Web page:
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Last updated at 17:11 BST, Thursday, 07 October 2010



John Ayto explains the origin, meaning and use of the word 'edgy'.

Man trying on sunglasses from a sunglasses display


If there's any word that needs to be up-to-date, fashionable and cool, it's a word that means 'up-to-date', 'fashionable', 'cool'. What could be more passé, more naff than an old word for 'new'?

Well, actually, what goes around can sometimes come around. 'Cool' itself is a good example. In the 1940s and 50s, it was the height of verbal fashion. It then went through a long period out of favour, when it seemed so last-generation. And now of course, it's right back in fashion.

But many of its synonyms are irrevocably on the scrapheap: 'trendy', 'with it', 'happening', 'where it's at' – where are they now? So, what is the latest fashionable word? It's 'edgy'.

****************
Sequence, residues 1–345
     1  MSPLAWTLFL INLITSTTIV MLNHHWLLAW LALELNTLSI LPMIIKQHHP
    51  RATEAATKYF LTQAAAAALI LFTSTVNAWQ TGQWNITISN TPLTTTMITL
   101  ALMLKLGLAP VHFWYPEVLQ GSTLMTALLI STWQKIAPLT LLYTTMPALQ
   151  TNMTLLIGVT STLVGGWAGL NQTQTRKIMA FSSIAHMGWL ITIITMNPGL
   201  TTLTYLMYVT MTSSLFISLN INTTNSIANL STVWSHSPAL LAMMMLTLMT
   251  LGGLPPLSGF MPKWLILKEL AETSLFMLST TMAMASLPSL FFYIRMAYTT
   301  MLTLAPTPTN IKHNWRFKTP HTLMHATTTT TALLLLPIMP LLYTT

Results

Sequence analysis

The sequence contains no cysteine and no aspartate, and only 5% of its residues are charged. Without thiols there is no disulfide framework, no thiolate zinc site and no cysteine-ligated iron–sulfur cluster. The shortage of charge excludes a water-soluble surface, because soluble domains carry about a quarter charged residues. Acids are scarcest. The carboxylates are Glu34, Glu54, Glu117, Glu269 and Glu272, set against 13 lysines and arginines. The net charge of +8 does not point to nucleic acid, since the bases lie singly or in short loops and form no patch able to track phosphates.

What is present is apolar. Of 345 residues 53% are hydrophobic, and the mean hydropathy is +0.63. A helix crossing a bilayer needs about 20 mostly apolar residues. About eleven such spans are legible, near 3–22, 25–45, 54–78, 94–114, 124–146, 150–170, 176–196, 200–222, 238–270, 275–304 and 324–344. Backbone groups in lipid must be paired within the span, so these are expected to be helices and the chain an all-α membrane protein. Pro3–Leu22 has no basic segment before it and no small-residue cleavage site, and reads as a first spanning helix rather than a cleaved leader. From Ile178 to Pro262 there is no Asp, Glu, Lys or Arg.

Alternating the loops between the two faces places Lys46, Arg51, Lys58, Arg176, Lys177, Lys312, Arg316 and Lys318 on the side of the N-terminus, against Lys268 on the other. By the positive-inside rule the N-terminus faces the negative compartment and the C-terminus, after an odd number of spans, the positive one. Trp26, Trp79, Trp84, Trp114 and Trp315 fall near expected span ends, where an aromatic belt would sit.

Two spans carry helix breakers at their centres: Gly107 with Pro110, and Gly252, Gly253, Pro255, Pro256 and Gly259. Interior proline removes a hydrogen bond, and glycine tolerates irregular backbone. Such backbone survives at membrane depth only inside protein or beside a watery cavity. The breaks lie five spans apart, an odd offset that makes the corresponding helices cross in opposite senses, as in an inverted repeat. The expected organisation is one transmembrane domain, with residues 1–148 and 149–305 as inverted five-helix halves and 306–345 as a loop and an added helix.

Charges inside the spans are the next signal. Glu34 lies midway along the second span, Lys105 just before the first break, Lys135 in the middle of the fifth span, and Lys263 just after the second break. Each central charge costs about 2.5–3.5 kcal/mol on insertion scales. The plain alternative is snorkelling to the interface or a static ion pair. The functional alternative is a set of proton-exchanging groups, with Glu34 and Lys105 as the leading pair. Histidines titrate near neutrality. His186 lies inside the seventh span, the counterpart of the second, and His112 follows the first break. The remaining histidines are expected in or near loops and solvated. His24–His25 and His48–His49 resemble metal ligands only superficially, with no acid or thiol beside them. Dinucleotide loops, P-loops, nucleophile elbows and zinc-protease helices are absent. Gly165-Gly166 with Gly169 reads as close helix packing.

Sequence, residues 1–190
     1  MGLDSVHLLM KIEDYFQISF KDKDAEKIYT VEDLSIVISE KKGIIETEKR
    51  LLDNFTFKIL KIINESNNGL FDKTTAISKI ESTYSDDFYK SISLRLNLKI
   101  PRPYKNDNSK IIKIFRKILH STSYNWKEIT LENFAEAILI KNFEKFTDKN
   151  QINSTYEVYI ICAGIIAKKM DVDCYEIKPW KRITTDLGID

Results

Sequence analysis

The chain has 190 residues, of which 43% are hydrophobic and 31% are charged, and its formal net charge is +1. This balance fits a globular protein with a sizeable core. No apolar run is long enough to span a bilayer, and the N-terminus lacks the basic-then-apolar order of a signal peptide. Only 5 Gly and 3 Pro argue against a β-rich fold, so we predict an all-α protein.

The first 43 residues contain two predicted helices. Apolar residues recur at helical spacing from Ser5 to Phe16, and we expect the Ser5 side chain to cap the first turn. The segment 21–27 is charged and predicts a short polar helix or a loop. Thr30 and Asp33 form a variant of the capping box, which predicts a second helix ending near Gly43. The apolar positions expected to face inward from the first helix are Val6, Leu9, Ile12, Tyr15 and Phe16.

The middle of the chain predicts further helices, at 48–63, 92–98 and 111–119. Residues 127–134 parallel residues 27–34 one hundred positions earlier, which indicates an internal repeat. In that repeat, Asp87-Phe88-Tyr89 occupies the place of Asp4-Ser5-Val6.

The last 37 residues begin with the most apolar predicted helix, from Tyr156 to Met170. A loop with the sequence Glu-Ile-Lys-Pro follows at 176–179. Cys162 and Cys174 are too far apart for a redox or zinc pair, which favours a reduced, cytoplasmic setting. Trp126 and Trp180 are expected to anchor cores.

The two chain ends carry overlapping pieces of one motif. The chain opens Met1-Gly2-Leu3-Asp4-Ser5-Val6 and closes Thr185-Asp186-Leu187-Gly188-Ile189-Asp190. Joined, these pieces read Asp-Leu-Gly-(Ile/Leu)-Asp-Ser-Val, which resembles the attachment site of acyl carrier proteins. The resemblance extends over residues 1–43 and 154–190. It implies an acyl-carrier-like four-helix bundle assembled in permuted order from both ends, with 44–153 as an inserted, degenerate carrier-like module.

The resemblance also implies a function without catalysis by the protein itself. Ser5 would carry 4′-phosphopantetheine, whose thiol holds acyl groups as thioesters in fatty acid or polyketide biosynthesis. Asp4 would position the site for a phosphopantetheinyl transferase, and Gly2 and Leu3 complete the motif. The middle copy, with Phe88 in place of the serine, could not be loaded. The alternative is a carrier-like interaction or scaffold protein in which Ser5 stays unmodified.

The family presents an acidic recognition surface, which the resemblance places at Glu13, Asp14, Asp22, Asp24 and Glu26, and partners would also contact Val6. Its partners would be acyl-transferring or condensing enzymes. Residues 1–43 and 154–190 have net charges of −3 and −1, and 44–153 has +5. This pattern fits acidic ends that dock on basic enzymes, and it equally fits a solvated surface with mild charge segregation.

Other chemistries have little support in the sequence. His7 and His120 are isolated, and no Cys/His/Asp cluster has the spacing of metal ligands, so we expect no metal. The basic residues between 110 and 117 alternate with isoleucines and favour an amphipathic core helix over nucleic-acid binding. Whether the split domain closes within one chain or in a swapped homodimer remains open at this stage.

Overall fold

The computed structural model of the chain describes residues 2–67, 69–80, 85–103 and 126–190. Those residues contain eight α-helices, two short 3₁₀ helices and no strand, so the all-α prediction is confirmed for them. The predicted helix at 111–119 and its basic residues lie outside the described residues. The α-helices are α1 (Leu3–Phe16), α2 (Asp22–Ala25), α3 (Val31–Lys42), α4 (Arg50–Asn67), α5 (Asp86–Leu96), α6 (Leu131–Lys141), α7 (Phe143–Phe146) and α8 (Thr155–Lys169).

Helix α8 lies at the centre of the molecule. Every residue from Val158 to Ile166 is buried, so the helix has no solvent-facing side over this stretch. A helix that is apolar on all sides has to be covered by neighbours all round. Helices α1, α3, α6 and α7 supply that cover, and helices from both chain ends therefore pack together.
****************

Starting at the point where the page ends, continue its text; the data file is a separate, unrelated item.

Now the idea behind 'edgy', is that the edge is the most forward part of something, the place where new things are happening, where the future is becoming the present. We talk, too, of innovation taking place 'at the leading edge' or 'at the cutting edge'. So the imagery is quite familiar.

One slight problem is that historically, 'edgy' has long meant something completely different: anxious, nervous, 'on edge'. But we can cope with words that have multiple meanings. When someone recommends the edgiest new restaurant in town, we realise there's no cause for anxiety.

About John Ayto

John Ayto

John Ayto is a lexicographer and a writer on words and language. He began his dictionary career as one of the editors of the first edition of the Longman Dictionary of Contemporary English, and over the past twenty years he has produced a range of his own books on the history and use of words, including the Bloomsbury Dictionary of Word Origins, the Oxford Dictionary of Modern Slang and Twentieth-Century Words, a survey of the new words that came into the English language during the twentieth century. He edited the 17th edition of Brewer's Dictionary of Phrase and Fable, and he has broadcast extensively on lexical matters.